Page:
2. Create solid business systems.
Consider what it takes to launch a concert tour. From specific performing needs in terms of instruments and musical equipment to the stage, sound engineering, lighting and more. All of these things require systematic execution.
When we talk about systems in business, our minds immediately jump to technology: online productivity apps, payment apps, order processing, etc. These things are important, but there is more to it than that.
Your business procedures are systems. They are sequences of tasks that take you from point A to point B and allow you to produce the same great outcome over and over again. When you have business systems, you don’t have to think so hard about keeping yourself on course. You’re not stressed or confused about next steps.
In the way that music artists like U2 follows a set of steps to record an album or launch a concert tour, you can create and follow a procedure to manage daily business activities.
3. Ship it.
Do you really think U2 could gather an audience of 90,000 for their first 360° Tour or sell out subsequent concerts within minutes of on-sale dates if they sat back and waited until they could make “The Claw” stage a reality?
Likewise for entrepreneurs there is no better way to create operational flow than by consistently “shipping” projects. It is easy to get caught in a trap working on a project continuously to make it absolutely perfect before sharing it with the world.
The problem is you will never arrive at the point where your product or service is absolutely perfect—you, your audience and your business are constantly evolving. There will always be a way to make a project better. But while you are stuck in analysis paralysis, you are depriving customers of something that could make a positive difference in their lives — not to mention, you are potentially missing business opportunities.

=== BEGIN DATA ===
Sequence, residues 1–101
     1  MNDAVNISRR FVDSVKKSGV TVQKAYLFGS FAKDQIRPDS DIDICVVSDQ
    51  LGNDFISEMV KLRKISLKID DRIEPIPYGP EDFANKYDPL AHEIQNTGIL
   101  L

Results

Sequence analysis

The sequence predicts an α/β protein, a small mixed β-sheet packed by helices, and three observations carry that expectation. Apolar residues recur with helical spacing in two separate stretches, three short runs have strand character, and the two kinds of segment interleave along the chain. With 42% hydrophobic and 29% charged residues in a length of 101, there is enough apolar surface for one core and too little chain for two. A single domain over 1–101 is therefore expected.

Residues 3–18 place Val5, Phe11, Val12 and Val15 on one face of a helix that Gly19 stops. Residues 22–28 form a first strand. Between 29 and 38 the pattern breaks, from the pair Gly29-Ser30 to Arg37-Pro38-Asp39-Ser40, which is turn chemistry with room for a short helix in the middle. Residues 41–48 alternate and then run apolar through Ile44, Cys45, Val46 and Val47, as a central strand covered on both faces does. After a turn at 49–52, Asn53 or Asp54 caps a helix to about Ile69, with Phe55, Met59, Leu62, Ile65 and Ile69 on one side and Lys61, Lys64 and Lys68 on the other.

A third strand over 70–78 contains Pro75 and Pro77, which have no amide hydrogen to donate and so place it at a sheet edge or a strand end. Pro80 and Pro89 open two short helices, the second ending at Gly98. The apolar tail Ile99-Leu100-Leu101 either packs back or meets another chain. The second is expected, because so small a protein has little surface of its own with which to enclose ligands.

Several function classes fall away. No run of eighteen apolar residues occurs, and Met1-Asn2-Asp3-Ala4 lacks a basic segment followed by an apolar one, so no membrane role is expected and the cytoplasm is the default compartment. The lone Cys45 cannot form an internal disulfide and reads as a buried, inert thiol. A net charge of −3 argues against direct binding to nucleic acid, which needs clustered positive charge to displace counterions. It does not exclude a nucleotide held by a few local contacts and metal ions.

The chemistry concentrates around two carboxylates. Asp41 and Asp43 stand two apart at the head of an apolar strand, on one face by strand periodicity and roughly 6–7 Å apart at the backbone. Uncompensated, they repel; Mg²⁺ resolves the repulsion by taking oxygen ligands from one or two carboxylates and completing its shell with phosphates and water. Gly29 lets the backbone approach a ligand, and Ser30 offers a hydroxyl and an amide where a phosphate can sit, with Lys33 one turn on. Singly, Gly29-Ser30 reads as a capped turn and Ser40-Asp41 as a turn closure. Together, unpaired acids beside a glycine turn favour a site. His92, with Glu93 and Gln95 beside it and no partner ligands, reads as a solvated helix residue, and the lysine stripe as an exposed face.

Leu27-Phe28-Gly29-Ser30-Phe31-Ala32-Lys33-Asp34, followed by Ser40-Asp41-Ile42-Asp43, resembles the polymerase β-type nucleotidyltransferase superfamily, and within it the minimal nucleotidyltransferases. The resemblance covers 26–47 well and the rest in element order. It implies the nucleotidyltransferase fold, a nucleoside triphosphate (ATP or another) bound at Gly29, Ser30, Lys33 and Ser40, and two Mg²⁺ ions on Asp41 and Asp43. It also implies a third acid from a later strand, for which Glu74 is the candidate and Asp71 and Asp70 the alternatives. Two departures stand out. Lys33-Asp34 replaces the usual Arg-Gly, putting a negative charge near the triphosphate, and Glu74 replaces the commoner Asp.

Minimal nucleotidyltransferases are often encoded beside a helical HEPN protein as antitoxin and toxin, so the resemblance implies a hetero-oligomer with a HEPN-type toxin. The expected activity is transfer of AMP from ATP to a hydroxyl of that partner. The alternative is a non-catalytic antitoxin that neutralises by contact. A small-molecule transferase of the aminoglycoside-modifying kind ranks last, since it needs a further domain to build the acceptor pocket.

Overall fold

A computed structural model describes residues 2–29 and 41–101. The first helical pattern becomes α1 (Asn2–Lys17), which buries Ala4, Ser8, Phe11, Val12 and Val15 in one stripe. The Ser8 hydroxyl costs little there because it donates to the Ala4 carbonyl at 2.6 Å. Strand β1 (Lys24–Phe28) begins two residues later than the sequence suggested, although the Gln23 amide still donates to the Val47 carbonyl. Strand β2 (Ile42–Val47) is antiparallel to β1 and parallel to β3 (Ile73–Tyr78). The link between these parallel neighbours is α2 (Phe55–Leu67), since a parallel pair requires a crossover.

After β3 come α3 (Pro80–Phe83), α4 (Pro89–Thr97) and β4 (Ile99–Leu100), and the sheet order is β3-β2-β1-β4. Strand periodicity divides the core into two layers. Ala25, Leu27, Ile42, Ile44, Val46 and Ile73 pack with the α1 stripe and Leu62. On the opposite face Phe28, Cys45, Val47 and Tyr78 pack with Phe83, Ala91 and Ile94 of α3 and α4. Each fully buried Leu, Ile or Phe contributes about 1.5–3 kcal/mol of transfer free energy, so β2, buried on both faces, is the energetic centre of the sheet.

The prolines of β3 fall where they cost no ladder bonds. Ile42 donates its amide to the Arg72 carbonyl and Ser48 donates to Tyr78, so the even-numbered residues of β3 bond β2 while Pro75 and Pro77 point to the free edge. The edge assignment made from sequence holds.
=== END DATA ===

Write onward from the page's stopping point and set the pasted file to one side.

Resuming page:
When you ship small, imperfect projects you learn how to improve them the next time, instead of making hypotheses based on what you’ve read or heard. Step by step you build your tribe and launch the next offering based on their reaction to your previous release.
4. Stop doing it all yourself.
In the very beginning, you might have to take care of everything in your business (i.e. wear multiple hats). You need to learn the ropes. But you also need to know when to let go so you don’t become a bottleneck in your own business and prevent further growth.
Your company’s biggest leaps are only going to happen when you free yourself—physically and emotionally—for the big things. There are things you are not good at (and don’t need to be), there are things you hate so much others have to twist your arm to do them, and there are things that are not the best use of your time.
Move past your DIY attitude and look at delegation from an investment point of view. For example, U2’s 360° Tour became possible because of an incredibly knowledgeable and fearless support team, which turned a simple sketch into a one-of-a-kind stage structure.
Ready to Rock Your Business?
In an era of declining concert ticket sales, U2’s 360° Tour set a record for the highest-grossing concert tour with $736 million in proceeds. It is something that’s unlikely to be accomplished again by a music artist for many years to come.
What is your vision? What structures do you need to create and bring it to life?
Natasha Vorompiova is the founder of SystemsRock, architect of business systems that work and a Certified Book Yourself Solid Coach. Her clients are small business owners who start their businesses with passion and a desire for freedom but find themselves stuck and buried in day-to-day operations. Natasha creates systems that ensure clients get more done in less time and pave the way for greater profits and long-term success.
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